The Indian Navy currently maintains a fleet of 16 diesel powered submarines. These are primarily of Russian and German origin. India signed a deal for six Scorpène submarines with MESMA air-independent propulsion, and construction has begun. These submarines will join the Indian Navy from 2010-11 onwards.[68] The Indian Navy may arm its Kilo class submarine fleet with the BrahMos cruise missiles after successfully completing test launches from the submarine.[69] India will issue request for proposals for another six submarines in financial year 2008-09.[70] The National Institute of Oceanography has developed the Autonomous Underwater Vehicle (AUV) that has applications in the field of Oceanographic research. Also an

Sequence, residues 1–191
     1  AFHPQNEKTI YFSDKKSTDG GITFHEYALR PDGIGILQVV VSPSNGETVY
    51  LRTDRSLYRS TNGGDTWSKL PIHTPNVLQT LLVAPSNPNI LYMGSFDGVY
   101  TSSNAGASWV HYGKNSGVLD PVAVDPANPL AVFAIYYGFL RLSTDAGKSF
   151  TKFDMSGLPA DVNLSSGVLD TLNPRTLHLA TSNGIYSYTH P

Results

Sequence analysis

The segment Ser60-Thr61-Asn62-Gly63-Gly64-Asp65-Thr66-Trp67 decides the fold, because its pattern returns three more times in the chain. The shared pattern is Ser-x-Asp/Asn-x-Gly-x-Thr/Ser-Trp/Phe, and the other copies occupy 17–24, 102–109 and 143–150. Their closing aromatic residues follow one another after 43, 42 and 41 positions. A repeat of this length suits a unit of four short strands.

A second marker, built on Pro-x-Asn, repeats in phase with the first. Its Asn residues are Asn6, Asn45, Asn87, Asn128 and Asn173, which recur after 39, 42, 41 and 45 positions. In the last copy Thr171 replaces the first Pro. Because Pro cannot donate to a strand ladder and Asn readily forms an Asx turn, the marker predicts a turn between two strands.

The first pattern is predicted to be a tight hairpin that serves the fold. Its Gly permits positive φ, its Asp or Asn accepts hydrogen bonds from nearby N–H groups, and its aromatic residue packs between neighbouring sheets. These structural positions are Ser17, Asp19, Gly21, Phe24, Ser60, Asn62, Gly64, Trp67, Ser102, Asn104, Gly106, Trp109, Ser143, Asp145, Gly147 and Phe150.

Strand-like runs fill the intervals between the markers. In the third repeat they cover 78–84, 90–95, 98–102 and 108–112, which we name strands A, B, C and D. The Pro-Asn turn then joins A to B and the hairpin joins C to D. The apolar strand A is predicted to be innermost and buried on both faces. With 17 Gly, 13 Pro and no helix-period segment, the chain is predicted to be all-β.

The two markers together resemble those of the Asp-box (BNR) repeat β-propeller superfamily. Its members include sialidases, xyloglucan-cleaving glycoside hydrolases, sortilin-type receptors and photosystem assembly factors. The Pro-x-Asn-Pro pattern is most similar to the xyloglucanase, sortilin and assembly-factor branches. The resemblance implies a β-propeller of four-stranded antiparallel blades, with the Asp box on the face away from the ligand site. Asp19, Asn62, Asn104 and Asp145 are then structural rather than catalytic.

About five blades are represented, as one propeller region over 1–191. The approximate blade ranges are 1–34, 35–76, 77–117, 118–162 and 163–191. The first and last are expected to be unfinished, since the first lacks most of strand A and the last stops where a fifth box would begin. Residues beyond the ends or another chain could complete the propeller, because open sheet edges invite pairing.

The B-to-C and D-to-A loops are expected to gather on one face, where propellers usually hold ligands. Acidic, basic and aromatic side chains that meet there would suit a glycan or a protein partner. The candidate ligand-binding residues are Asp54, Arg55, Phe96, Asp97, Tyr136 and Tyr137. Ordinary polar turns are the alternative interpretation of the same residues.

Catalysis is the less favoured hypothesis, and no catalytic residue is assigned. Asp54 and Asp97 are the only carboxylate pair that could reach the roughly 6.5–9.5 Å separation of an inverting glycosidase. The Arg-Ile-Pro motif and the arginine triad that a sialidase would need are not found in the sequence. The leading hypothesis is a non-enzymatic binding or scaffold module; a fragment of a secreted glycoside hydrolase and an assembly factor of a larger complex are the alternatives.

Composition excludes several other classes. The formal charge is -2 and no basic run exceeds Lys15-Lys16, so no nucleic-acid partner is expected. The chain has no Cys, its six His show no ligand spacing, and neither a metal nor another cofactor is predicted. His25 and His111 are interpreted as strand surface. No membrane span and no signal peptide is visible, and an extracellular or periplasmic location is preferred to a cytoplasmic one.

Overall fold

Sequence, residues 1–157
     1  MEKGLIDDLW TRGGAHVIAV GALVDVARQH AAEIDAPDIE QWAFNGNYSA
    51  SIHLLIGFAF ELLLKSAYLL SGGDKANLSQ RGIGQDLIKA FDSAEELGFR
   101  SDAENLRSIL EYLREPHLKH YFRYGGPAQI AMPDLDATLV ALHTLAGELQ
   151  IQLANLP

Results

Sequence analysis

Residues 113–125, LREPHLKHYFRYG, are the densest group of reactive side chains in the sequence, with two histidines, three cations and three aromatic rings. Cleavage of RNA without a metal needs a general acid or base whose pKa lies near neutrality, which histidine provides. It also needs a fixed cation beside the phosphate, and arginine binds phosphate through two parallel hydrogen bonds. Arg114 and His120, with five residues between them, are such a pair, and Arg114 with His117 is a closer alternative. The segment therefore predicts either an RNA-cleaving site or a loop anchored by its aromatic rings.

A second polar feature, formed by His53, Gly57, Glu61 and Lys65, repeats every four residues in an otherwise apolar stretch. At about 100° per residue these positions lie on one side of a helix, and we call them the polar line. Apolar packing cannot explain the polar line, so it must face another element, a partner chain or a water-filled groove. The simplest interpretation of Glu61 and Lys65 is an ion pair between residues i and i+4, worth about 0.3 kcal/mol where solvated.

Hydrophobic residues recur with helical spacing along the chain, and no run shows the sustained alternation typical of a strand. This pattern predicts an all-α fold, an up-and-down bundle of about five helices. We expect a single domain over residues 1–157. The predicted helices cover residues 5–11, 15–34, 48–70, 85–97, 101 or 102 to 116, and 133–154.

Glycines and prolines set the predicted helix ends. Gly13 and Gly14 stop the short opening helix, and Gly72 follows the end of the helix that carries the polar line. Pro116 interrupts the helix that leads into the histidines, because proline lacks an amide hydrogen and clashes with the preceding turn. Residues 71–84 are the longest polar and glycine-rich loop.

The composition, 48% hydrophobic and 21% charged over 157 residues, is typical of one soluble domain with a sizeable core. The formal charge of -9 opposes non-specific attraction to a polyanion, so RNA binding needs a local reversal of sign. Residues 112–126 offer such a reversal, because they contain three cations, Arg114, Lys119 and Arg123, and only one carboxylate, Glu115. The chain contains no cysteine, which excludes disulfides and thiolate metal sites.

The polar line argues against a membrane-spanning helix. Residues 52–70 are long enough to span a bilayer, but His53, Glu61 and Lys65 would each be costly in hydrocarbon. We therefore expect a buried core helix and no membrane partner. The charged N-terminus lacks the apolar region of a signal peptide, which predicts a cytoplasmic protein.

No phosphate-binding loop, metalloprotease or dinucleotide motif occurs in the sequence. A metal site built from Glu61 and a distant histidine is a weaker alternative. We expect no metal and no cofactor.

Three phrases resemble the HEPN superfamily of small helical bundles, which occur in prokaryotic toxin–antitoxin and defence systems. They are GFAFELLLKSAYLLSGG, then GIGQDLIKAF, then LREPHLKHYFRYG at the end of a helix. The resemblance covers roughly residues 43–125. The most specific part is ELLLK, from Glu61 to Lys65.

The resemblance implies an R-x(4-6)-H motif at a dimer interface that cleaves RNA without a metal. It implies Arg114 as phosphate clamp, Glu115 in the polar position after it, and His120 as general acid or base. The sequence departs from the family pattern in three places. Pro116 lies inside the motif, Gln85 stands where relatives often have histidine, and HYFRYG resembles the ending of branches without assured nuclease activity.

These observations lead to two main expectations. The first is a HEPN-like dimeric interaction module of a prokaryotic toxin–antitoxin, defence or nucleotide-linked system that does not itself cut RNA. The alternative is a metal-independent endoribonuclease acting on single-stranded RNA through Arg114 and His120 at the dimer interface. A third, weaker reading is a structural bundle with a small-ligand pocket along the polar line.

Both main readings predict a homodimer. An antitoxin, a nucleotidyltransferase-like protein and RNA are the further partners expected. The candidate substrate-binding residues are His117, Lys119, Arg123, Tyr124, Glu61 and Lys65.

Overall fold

A Charlie class nuclear submarine, then known as INS Chakra, under service with the Indian Navy. India leased the submarine from the Soviet Union from 1988 to 1991 to gain experience in the operation of a nuclear submarine.